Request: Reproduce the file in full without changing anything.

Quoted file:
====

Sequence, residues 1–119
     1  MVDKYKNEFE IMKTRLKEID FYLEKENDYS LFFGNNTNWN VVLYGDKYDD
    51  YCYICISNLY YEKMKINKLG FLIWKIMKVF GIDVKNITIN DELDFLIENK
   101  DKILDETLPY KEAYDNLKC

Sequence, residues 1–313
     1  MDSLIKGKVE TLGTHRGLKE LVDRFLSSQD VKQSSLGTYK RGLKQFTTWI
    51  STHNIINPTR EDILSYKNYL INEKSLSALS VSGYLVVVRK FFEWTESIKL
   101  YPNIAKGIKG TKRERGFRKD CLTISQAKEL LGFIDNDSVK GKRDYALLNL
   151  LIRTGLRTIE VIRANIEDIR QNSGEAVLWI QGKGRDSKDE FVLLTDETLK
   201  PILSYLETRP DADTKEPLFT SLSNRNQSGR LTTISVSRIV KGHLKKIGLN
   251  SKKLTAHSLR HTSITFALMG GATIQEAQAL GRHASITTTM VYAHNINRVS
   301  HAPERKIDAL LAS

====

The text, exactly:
Sequence, residues 1–119
     1  MVDKYKNEFE IMKTRLKEID FYLEKENDYS LFFGNNTNWN VVLYGDKYDD
    51  YCYICISNLY YEKMKINKLG FLIWKIMKVF GIDVKNITIN DELDFLIENK
   101  DKILDETLPY KEAYDNLKC

Sequence, residues 1–313
     1  MDSLIKGKVE TLGTHRGLKE LVDRFLSSQD VKQSSLGTYK RGLKQFTTWI
    51  STHNIINPTR EDILSYKNYL INEKSLSALS VSGYLVVVRK FFEWTESIKL
   101  YPNIAKGIKG TKRERGFRKD CLTISQAKEL LGFIDNDSVK GKRDYALLNL
   151  LIRTGLRTIE VIRANIEDIR QNSGEAVLWI QGKGRDSKDE FVLLTDETLK
   201  PILSYLETRP DADTKEPLFT SLSNRNQSGR LTTISVSRIV KGHLKKIGLN
   251  SKKLTAHSLR HTSITFALMG GATIQEAQAL GRHASITTTM VYAHNINRVS
   301  HAPERKIDAL LAS